Mind you, Appetite for electric cars in UK wanes as pandemic squeezes finances (Financial Times, Peter Campbell) cites a survey by Auto Trader which shows that the number of respondents expressing an interest in buying an EV has dropped sharply since the beginning of the year. In January, 16% said that they were planning on buying a battery-only car but in August only 4% said they were thinking of doing so. * SO WHAT? * Although buying electric is generally expensive up front, this is normally mitigated by savings in fuel and running costs during the course of ownership. In this case, though, respondents cited changing personal finances as the main factor behind this change of heart and an increasing unwillingness to splash out a large lump sum in uncertain economic circumstances. It seems that we are not going electric just yet…

Then in Ford looks to trim 1,400 salaried employees in US through buyouts (Wall Street Journal, Micah Maidenberg) we see that Ford is planning on cutting more employees by offering buyouts to employees who are eligible to retire as of December 31st. This comes in addition to the 7,000 already axed last year globally. The tough times for carmakers continue…



India takes another swipe at Chinese apps and Apple joins Google in passing on digital taxes…

Following on from recent moves to ban Chinese apps in India following skirmishes between Indian and Chinese troops on the Himalayan border, it seems that things are getting increasingly feisty in India bans 118 Chinese apps as Himalayan border tensions surge (Financial Times, Amy Kazmin and Christian Shepherd) as the country goes even further, banning Tencent’s massively popular PUBG Mobile game. Apps owned by the likes of Tencent, Alibaba and Baidu were accused of “stealing and surreptitiously transmitting” Indian user data to China. * SO WHAT? * Tensions continue to rise between the two nuclear-armed

countries and India has imposed other anti-Chinese measures such as placing new restrictions on Chinese investment and ordering telecoms operators to phased out Chinese telecoms equipment from their networks. Although these things can potentially be reversed, ultimately it may make growth harder for Chinese companies in India. Given the market potential there, this really could prove to be a spanner in the works for overseas growth for Chinese companies – but this could, in turn open the door for other overseas operators – such as Google and Facebook – to make decent inroads.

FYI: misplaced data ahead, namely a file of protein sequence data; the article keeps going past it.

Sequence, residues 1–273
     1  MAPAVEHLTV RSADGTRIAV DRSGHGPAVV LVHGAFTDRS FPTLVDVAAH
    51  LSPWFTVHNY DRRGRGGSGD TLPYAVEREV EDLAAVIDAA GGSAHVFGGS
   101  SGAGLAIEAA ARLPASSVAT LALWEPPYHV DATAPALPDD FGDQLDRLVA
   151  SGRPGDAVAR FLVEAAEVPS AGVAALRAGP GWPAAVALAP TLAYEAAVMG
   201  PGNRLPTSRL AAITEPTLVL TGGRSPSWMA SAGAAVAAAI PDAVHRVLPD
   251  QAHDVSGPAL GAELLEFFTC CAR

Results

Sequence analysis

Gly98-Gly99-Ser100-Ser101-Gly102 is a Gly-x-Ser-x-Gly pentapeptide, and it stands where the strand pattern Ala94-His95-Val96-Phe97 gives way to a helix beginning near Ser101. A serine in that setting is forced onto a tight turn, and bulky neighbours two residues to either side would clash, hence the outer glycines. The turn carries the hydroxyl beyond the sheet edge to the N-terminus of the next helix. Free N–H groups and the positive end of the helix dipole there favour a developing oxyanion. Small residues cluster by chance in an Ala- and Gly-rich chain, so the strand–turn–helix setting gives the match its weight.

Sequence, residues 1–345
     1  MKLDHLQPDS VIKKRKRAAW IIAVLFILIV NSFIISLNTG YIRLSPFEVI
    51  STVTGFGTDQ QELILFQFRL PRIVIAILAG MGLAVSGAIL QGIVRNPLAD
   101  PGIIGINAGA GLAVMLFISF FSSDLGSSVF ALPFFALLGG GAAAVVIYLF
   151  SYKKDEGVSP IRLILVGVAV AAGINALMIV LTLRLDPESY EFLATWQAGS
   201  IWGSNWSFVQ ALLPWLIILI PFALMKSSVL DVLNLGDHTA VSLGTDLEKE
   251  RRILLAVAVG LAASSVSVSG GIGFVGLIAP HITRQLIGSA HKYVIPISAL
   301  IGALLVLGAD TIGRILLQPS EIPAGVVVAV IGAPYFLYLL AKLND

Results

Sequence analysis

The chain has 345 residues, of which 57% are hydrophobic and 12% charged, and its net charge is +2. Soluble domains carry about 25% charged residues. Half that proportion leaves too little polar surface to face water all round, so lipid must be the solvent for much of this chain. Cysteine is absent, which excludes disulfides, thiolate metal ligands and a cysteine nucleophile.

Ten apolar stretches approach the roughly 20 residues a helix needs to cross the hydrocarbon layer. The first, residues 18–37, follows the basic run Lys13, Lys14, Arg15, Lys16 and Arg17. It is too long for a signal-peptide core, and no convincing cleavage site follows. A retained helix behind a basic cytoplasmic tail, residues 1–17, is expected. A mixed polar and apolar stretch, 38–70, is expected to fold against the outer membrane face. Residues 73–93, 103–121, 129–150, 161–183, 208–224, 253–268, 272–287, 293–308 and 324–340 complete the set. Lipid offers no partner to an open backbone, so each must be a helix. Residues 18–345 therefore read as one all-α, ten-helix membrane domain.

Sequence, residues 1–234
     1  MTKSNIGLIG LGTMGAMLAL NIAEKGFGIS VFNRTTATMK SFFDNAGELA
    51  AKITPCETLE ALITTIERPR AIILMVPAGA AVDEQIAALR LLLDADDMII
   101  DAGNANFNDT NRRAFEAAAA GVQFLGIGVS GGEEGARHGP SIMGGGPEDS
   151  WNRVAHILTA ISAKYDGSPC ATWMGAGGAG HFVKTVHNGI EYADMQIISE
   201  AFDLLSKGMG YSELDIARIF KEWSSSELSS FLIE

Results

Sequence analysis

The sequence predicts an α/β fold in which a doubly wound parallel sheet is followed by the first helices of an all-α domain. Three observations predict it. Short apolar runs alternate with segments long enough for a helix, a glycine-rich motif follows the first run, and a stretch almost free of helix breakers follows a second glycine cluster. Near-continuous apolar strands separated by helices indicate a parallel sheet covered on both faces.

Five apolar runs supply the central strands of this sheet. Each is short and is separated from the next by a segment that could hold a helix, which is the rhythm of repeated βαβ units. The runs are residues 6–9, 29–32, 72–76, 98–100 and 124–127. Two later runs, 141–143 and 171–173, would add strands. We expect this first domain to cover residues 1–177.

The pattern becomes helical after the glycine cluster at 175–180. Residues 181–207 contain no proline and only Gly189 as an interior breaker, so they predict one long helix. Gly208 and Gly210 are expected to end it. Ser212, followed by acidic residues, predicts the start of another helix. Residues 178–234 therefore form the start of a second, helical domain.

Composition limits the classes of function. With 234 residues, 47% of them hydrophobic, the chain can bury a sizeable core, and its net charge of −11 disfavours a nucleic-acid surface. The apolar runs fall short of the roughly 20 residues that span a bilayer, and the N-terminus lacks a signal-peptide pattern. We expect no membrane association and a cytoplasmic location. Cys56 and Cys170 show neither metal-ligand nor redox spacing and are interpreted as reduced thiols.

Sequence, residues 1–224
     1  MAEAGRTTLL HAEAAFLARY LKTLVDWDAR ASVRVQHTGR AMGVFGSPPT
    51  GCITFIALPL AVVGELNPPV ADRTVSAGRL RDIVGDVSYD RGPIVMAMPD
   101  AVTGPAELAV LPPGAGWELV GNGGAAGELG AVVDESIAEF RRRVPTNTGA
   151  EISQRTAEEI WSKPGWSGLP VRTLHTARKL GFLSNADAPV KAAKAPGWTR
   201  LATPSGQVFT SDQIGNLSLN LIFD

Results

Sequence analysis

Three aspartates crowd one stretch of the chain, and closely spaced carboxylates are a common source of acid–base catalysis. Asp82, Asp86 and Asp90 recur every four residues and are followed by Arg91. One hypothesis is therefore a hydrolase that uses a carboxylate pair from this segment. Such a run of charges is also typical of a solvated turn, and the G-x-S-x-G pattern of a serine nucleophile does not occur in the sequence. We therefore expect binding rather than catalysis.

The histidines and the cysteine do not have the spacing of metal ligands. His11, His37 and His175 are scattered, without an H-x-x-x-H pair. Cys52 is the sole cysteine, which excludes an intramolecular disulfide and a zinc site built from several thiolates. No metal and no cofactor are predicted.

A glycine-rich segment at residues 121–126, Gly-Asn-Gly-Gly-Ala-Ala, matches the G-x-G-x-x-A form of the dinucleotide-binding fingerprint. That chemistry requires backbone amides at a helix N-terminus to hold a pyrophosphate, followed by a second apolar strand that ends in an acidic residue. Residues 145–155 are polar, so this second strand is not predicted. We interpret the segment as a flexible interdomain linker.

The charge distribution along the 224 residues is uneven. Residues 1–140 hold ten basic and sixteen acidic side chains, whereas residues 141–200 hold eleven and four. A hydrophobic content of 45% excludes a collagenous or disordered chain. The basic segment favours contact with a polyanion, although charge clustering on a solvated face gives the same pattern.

Following on from Google’s announcement that it would pass on any new digital taxes to advertisers, Apple joins other tech titans in passing digital levy buck (Daily Telegraph, James Titcomb) shows that Apple will pass any increased costs onto app developers. Because they just can…



Lego triumphs, Juul considers and the Gym Group gets active…

In other news doing the rounds today, Lego builds up online sales as profits increase by 11pc (Daily Telegraph, Simon Foy) highlights a bumper first half from the toy manufacturer. Sales increased by over 10% in the major markets of Europe, Asia Pacific, the Americas and China. They did particularly well from digital sales under lockdown.

Elsewhere, Juul to cut more jobs, explore exiting Europe and Asia (Wall Street Journal, Jennifer Maloney) shows that things continue to change drastically for the e-cigarette supremo Juul as it plans another big round of layoffs and market retreats (it already cut about a third of its workers at the start of this year). It is considering pulling out of up to 11 countries and sticking with the US, Canada and UK. The carnage continues!

On a healthier note, Gym Group targets empty retail sites (Financial Times, Alice Hancock) shows that the budget gym operator is looking to buy up sites abandoned by distressed retailers as the number of new members increases and its finance re-jigging starts to kick in.



…in other news…

You may be aware that I took last week off 😱😱😱, but during that time, you will be glad to know that I spent the odd minute here and there on YouTube. Now I’m probably a bit late to this party, but I thought I would introduce you to a hilarious character called “Uncle Roger” who clearly likes egg fried rice 👍. Although he is a comedy character, I wholeheartedly agree with his assessment of Jamie Oliver’s recipe HERE. This guy (played by comedian Nigel Ng) is a genius 😂!

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Some of today’s market, commodity & currency moves (as at hrs green is up, red is down). THIS IS INTENDED AS A ROUGH GUIDE ONLY!

FTSE 100 *Dow Jones *S&P 500 *Nasdaq*DAX *CAC-40 *Nikkei **Shanghai **
Oil (WTI) p/bOil (Brent) p/bGold Per t/oz£/$€/$$/¥£/€$/₿

(markets with an * are at yesterday’s close, ** are at today’s close)